Sergio Leone Web Board
Welcome, Guest. Please login or register.
October 21, 2017, 10:08:19 AM
Home Help Search Calendar Login Register
News:


+  Sergio Leone Web Board
|-+  Films of Sergio Leone
| |-+  The Good, The Bad and The Ugly (Moderators: cigar joe, moviesceleton, Dust Devil)
| | |-+  Cusser
0 Members and 1 Guest are viewing this topic. « previous next »
Pages: [1] 2 Go Down Print
Author Topic: Cusser  (Read 9612 times)
Cusser
Bounty Killer
*****
Offline Offline

Posts: 1552


Remember, I always see the job through !


View Profile
« on: December 22, 2002, 01:01:25 PM »

Since it's Christmas season, just wanted the newbies here (Cal - why am I still a "newbie"?) to know that Tommie Conner, who wrote the lyrics for "Story of a Soldier" is best known for the Christmas classic "I saw Mommy Kissing Santa Claus", unbelievable.  "Story of a Soldier" was apparently his last published work.

Logged
Chasman
Road Apple
*
Offline Offline

Posts: 12


I'm a llama!


View Profile
« Reply #1 on: December 22, 2002, 11:47:03 PM »

Why do you say it was apprently his last published song? Where did you get that info? Just curious.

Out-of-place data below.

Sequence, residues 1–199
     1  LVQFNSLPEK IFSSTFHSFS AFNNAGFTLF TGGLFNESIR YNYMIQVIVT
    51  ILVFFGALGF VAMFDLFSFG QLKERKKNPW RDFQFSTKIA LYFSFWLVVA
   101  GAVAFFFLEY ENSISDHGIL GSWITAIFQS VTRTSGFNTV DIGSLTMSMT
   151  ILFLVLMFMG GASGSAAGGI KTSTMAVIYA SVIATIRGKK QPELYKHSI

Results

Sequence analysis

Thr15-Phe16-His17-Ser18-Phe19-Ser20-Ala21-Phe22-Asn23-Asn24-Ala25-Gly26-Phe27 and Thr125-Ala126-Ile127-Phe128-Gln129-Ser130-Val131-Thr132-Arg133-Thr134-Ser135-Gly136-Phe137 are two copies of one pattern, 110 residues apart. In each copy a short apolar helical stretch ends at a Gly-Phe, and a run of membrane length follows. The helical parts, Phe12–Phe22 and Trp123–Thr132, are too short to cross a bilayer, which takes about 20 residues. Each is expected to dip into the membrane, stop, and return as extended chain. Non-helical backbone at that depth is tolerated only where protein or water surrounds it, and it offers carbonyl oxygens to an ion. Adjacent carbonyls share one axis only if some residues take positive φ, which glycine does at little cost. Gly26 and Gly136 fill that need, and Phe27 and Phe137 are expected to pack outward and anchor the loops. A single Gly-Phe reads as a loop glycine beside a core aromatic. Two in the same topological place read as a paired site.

Logged
Cusser
Bounty Killer
*****
Offline Offline

Posts: 1552


Remember, I always see the job through !


View Profile
« Reply #2 on: December 24, 2002, 08:54:00 AM »

Chas, I remember on the old Leone noard that someone actually researched this at the New York City library, to make sure it was the same Tommie Conner (it might be spelled Connor).  But evertime I hear that song (I play oldies radio at work, and it's on at least once a day this time of year) I just shake my head in amazement.

Logged
caius
Bandido
***
Offline Offline

Posts: 118


"bravo!"


View Profile
« Reply #3 on: December 25, 2002, 04:38:02 AM »

sorry, but due to my youthful ignorance i don't quite know who tommie conner is and what story of a soldier is.  Its not a song on GBU is it, then i will feel throughly stupid

Logged

I hate signatures, so naf, but i had to put this up for a week or so to show my respect

r.i.p. joe strummer.  great man, great band
Cal
Site Administrator
Administrator
Bandido
*****
Offline Offline

Posts: 141



View Profile WWW